Fighting for inclusion
Sally teaches courses in Life Skills and Crafts to a number of groups made up of LDD students. Students build their confidence and have fun at the same time. And there is always something to take home at the end of the session! The majority of her students live independently, which has been particularly challenging for them this year. Sally immediately volunteered to pilot a return to face-to-face teaching in autumn 2020, recognising the impact it would have on well-being.
I’ll never give up fighting for their inclusion in society. I’ll give everything I can.
Lockdown was a struggle. Being LDD, our students lack the technology and skills to do online learning. Some of them don’t even have a telephone. So we deliver individual learning packs that are designed round their needs. For example, we bundled up all the craft kit for making a Chinese New Year lantern and they sent in photos. It takes forever getting all the stuff together, but it’s worth the effort.
We’ve tried to promote healthy eating and encourage them to keep fit, but it’s a challenge. Lockdown has caused a lot of stress, anxiety and lack of confidence. We’ve done what we can to keep life as normal as possible, but in essence, some of our learners never seen anyone else from one day to the next. It’s really, really sad. They are people who society has given up on. That can’t be right, can it? I fear it’s going to get worse with devolution too. I’m fighting hard to make sure people with LDD are given the resources they so desperately need.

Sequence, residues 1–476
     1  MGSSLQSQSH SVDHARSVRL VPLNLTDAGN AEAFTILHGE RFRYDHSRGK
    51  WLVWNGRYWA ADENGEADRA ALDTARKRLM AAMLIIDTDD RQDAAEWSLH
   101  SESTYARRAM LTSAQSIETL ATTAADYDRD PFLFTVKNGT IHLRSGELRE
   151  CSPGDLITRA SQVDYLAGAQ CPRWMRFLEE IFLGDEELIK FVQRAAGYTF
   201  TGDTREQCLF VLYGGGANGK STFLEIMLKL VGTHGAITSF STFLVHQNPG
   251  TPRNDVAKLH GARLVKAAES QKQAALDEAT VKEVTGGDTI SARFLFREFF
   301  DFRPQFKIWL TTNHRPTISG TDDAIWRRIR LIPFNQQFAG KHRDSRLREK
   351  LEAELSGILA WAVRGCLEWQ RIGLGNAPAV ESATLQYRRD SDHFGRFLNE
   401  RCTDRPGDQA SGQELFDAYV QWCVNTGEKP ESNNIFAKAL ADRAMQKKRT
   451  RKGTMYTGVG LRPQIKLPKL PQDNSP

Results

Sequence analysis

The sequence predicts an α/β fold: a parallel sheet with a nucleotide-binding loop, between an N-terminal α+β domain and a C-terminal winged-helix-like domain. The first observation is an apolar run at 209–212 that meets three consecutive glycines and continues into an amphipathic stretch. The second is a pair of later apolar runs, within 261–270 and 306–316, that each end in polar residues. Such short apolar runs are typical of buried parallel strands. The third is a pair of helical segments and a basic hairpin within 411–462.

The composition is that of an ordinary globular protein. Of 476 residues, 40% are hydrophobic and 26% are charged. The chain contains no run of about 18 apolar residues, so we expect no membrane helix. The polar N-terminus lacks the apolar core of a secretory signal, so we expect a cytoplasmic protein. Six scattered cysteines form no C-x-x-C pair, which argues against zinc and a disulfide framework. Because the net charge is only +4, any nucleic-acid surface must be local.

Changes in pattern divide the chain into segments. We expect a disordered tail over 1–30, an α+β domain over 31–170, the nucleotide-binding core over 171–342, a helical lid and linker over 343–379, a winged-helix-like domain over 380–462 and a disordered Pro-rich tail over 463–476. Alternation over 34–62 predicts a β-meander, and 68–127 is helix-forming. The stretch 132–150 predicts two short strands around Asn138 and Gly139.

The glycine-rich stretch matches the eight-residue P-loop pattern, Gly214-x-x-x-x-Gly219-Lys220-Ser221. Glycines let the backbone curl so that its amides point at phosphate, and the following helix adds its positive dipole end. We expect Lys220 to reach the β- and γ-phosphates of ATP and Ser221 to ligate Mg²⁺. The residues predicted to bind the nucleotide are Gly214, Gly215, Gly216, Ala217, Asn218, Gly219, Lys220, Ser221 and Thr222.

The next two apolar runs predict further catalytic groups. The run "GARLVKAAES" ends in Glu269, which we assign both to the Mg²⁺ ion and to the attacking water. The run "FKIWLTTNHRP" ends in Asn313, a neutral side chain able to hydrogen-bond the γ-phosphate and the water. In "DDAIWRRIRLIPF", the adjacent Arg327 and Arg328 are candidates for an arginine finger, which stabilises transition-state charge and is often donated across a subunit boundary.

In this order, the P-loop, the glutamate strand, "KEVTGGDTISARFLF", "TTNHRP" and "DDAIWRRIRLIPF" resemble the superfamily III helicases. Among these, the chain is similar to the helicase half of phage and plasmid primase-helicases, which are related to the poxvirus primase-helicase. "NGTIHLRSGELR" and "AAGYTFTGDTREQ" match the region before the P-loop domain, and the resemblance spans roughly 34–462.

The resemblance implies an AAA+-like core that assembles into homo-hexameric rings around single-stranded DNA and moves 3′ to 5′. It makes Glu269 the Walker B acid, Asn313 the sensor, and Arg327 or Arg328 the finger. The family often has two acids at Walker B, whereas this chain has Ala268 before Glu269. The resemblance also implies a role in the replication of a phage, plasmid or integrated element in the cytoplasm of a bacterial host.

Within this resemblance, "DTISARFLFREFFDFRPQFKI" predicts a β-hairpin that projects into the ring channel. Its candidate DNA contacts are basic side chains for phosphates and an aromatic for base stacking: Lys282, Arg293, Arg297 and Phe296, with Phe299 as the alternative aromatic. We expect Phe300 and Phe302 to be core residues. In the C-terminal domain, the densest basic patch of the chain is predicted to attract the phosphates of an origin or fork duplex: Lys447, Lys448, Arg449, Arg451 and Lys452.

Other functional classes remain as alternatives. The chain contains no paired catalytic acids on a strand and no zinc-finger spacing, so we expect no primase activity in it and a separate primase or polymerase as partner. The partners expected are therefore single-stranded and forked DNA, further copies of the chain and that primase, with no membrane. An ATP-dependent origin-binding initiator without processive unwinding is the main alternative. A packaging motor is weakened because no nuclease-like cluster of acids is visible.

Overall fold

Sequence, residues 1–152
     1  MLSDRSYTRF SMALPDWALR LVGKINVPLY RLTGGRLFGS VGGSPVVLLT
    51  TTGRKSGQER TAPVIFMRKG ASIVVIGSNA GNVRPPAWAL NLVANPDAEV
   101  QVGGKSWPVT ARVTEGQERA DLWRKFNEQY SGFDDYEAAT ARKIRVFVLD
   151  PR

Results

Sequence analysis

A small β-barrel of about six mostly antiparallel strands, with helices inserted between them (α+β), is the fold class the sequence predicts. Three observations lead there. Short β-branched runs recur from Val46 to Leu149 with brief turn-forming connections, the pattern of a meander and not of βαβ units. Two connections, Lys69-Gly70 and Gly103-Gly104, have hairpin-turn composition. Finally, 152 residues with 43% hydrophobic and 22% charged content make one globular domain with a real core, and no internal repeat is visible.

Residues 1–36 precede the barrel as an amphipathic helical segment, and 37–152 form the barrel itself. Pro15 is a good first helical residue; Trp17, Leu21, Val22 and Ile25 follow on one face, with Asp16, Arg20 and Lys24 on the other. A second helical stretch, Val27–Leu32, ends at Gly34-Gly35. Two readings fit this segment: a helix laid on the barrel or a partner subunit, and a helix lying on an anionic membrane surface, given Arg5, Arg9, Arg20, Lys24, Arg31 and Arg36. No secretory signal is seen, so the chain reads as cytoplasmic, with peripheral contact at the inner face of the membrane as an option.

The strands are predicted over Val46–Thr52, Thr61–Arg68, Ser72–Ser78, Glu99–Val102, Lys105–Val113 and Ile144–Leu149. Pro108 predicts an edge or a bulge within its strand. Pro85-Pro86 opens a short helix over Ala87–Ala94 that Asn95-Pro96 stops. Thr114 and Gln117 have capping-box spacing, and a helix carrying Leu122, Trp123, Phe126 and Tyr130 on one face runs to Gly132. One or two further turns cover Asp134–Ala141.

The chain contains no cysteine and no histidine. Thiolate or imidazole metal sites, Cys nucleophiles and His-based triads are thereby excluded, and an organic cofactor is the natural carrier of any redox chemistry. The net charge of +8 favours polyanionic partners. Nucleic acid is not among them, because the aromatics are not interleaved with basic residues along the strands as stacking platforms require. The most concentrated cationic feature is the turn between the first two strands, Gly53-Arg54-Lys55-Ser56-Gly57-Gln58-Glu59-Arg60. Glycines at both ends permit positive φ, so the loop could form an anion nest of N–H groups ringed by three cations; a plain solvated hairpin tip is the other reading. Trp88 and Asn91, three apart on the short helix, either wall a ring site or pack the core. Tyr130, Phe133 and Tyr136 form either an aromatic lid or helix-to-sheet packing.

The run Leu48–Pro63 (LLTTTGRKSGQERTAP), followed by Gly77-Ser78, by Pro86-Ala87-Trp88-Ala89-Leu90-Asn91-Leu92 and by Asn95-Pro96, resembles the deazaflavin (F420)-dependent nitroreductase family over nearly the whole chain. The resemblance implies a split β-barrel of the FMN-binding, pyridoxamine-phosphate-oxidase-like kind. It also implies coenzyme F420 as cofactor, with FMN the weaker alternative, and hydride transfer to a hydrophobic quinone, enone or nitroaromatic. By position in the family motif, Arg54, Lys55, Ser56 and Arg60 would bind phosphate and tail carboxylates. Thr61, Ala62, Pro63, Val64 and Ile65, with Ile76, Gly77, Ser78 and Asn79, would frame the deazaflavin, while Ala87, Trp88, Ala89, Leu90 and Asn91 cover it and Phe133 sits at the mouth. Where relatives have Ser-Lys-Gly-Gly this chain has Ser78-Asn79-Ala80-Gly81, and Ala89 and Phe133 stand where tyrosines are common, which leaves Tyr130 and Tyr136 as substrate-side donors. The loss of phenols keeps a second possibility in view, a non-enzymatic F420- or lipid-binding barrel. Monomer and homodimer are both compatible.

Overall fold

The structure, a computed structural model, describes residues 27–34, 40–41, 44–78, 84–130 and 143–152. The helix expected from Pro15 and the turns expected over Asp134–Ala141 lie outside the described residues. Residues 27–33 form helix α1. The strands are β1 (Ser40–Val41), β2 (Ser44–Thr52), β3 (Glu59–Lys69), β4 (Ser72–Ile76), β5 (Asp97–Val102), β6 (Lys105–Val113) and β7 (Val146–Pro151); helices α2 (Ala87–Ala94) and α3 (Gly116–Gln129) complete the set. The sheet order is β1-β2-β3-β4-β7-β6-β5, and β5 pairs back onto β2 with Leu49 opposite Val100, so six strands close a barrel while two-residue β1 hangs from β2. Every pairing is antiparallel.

For me, it’s personal. They were my mum’s group originally and I’ve taken over now she has retired. Between us, we’ve known them for a lot of years, which was why we fought so hard to get them back face-to-face, as soon as we possibly could. They are so restricted and isolated. I pestered and pestered to get back to in-person learning. We had all our PPE ready, with all our policies and procedures up to date.
The groups are so rewarding and fulfilling for all our learners. They absolutely thrive. You see their confidence growing in front of you. Don’t tell me they’re a lost cause. It’s so rewarding to help them develop and learn new skills. Once we’re back to face-to-face again, we just hope and pray we can build it all back up again.